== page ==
North Carolina Newspapers

VOL, 21,
. n- ;U. 8. SENATOR
Kerr Scott j.v. -J . , .... .
i 'Alton Lennon , ... . .. ,
Alvin Wlngfield, Jr.
'Vm." Bostic
OUa Ray Boyd .1., ......
v Henry Sprinkle .. ,
A. E.. Turner ,..,-......,
Edwin OiU
Joshua James
Charles Gold
John Fletcher ....V;,...,.,.....!. 260 113 33 118 88 87 57 48 135 76 57 53 91 15 35 242 59 111 101 240 1969
Lewi W. Outlaw 110 76 62 211 186 280 52 38 120 71 68 37 67 19 36 167 40 52 51 223 1966
Mitchell Brltt 792 192 28 58 72 38 33 132 179 74 50 70 72 11. 17 305 28 191 242 111 2695
J. R. Grady ,. 121 110 73 162 73 112 101 ' 45 288 126 43 89 107 AO 103 322 98 197 93 364 2667
Albert Outlaw 468 203 128 321 183 210 , 68 29 196 116 45 33 68 18 37 182 27 121 94 272 2817
Robert lCarr ,.r .,.M.. .. - 437 , 149 50 , 88 103 131 112 171 381 139 163 .196 209 51 127 662 149 342 293 372 4325
Ralph Miller 565 316 145 388 288 337 177 205 624 275 163 227 248 59 156 652 144 361 425 644 6399
Perry Smith ....- '.. 818 96 41 76 91 124 (B , 29 91 25 30 70 73 22 22 196 27 131 62 106 1851
'" COUNTY COURT JUDGE f. :. ." ' V ' :
Robert L. West 788 , 204 66 78 40 67 17 6 84 19 11 50 18 18 17 359 77 156 208 117 2400
Grady Mercer j 289 204 123 373 324 381 180 229 620 279 180 231 302 58 166 484 91 321 249 607 5691
' u. ,i 5 -..coroner :.;, i '. ',.',;, : ' ' :
HiX Bradshaw 304 ; il26 (t4! 88 I 58 112 36 - 32 52 30 5 20 34 36 72 112 62 375 142 173 1943
Garland Kennedy 877 -: 119 ; 48: 113 U 61 71 42 49 79 65 9 39 27 19 74 617 74 37 88 250 2258
. Robu & Tucker 78 --22 '; '- 7" M ' 45 HA 7 1 14 8 1 2 7 2 6 16 7 31 182 59 514
U O. WilliMW i(..t(if. . 147, 59 - i If IS 71 84 84 Ul 440 168 161 193 238 18 . 23 93 27 27 24 . 172 2233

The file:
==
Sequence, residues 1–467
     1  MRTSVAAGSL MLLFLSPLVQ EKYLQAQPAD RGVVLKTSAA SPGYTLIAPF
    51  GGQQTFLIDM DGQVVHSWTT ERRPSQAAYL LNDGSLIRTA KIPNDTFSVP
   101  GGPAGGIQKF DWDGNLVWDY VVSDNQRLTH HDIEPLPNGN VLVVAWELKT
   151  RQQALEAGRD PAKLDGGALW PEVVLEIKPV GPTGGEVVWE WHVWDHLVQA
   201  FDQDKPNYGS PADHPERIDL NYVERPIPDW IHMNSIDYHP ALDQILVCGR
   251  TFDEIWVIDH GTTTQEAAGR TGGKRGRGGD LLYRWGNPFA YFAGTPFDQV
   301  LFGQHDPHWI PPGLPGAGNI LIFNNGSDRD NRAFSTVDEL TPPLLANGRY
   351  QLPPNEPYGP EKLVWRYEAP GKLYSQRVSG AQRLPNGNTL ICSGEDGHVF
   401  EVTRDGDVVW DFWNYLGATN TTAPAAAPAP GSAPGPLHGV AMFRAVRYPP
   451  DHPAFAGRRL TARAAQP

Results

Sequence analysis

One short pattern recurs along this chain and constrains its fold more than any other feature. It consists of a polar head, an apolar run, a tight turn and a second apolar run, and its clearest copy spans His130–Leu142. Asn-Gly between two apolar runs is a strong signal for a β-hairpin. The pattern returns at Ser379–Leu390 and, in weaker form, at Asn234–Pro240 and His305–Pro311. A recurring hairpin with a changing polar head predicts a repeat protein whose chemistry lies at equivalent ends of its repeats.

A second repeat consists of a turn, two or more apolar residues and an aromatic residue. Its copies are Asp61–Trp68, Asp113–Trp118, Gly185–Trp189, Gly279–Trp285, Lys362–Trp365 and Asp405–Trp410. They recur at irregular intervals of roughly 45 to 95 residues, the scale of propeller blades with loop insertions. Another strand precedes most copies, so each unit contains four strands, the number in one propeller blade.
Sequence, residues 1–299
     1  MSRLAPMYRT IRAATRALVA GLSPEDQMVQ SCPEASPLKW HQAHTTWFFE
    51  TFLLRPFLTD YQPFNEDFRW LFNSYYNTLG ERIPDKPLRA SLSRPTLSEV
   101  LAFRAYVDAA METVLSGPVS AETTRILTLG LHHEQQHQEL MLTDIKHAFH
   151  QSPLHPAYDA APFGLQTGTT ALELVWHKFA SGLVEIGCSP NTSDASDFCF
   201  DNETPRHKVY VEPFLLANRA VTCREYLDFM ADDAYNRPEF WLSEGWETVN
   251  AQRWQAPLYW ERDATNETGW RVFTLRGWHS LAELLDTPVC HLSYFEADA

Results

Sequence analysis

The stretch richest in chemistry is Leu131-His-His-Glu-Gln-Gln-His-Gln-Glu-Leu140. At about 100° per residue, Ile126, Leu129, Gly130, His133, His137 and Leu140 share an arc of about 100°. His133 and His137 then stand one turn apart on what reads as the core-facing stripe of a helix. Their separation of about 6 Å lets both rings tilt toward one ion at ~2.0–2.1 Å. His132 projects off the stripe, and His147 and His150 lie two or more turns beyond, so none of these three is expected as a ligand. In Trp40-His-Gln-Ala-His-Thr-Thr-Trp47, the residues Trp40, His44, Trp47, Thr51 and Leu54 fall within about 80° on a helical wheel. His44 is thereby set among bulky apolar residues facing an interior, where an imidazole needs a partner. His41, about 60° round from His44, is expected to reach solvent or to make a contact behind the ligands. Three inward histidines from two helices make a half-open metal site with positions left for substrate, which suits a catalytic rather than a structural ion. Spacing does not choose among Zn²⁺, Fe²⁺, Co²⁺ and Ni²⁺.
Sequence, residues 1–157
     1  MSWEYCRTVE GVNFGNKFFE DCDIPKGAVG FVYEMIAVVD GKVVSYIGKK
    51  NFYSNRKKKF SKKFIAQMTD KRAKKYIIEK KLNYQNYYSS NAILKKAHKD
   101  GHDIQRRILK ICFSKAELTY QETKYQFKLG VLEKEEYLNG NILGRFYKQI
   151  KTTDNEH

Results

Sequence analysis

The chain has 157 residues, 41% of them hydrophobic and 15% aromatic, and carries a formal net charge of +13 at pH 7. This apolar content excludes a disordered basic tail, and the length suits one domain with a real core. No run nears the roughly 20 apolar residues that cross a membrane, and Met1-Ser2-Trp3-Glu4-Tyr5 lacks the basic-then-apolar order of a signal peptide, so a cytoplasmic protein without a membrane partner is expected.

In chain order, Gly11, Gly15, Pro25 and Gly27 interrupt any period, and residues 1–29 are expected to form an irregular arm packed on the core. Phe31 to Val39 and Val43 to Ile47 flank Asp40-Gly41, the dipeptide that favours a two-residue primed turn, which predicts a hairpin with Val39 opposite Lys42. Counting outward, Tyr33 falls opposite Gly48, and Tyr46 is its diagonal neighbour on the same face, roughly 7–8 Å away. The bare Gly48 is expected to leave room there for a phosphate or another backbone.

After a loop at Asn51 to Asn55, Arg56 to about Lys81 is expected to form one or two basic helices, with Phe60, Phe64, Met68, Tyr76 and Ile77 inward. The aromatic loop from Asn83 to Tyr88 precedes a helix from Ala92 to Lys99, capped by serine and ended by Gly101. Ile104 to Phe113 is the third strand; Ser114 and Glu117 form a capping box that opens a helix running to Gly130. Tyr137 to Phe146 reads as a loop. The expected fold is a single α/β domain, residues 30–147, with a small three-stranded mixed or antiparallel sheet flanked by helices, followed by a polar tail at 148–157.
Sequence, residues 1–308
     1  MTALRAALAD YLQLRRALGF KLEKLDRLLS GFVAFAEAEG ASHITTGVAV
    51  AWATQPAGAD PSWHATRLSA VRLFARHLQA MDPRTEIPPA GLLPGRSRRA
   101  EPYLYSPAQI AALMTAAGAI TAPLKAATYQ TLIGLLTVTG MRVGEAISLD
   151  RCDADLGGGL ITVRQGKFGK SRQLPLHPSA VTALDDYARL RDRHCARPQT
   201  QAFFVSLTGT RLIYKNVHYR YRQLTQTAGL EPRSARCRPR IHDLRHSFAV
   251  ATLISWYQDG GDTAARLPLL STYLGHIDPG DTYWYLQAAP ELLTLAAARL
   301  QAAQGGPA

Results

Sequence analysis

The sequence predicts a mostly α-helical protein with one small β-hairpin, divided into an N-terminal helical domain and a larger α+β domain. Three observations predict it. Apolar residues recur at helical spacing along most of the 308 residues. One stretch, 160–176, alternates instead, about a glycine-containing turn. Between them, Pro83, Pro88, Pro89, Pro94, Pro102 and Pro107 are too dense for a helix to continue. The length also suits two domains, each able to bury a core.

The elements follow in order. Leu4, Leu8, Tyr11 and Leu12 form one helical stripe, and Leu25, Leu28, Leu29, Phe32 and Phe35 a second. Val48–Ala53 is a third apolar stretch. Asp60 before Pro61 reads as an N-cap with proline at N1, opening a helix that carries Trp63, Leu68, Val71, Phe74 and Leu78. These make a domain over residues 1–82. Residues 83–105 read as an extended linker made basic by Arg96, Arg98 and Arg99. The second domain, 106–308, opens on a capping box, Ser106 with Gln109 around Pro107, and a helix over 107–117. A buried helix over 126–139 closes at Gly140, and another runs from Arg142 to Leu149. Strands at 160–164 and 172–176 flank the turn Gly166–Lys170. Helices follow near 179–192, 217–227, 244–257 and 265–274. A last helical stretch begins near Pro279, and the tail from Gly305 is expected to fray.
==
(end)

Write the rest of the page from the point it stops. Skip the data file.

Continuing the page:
Addis Catea ....... -.-.,,,-,. .310 298 127 ' ' 735
Richard Blackburn ... 18 12 2 1 32
Lott Kornegay f,,. 1;, ' , 770 .' ilHt?"ff 7i''T:)'A " ,v; ' 959
2, COUNTY COMMISSIONER k , -,' i t ) Pi Ii v j1 r' ' I : "
Emmett Kelly " ' ""k 859' 264 87 ,123 134 ' 967
Durham Grady .,.. . , , tJ , 125 16 384 79 ' 108 ' ' '812
Dallas Jones w)lr.,;.....,t: -r. k- .:;,. i ' 109 324 ,412 845
J. B. Stroud (Im,'; . . , ' ' - ; - - ., k,403 ,;v16, ;;.,337 904
Sheriff r-Sflk-i
Election day Is over, leaving as
usual, many happy "candidates and
many unhappy runner-ups. Voting
was unusually heavy all over the
county with Sheriff Ralph Miller
winning the largest vote ever re
corded (or a single candidate. Sher
iff Miller carried 20 precincts and
v , 1 . Grady Mercer carried, eighteen pre-
cincts and tied in another. .
j In the U. S. Senate Race, W. Kerr
1 , j Scott carried the county by 5017 to
' 'i. 3016 for Lennon. Josh James carried
t Duplin' tor the state treasurer's po-
tition .but lost In the state race.'
Below is a tabulation of the votes:
" ; In the precincts voting for Con
stables; J. F. Futrell polled 417
: against Ray Batchelor 201 in Cypress
Creek and Chinquapin for Cypress
,' Creek township. s
' limestone Township with Halls-
. ville. Beulaville and " Cedar Fork
. precincts voting, E. Hampton Ken-
- -j nedy ' received 798 votes against
' j Grover Boyette's 325.
' Three candidates running for
' Constable of Island Creek1 town-
: j ship which Is1 made up of Locklin,
J Charity and Wallace 'precincts, 3. F.
; Butts polled 475 votes against M.B.
T. CavenaugH 358 and H. E. Proctor
' " ' 251. m,;.:-- -;i:t;u . ; ,vv;f;il
fvV'i v"ln t!he Rose Hill .toWnship Fraiik
- Jones "won J the Constable race by
I totaling 249 votes -against Norwood
;' Dixon's l.v" ,and Rl M. CaVertugB's
Vi ' 121. . ' IffliV.. ii"d V
Faison , township composed of
Faison and Calypso, N.. Li Tadlock
polled, 403 votes . against Ralph
Langirton who had 4 total M79.
s I ' i ''"' " !'t '
i ' I r BlMfS i ' . i I i
' RALEIGH' - Of '24 pedestrians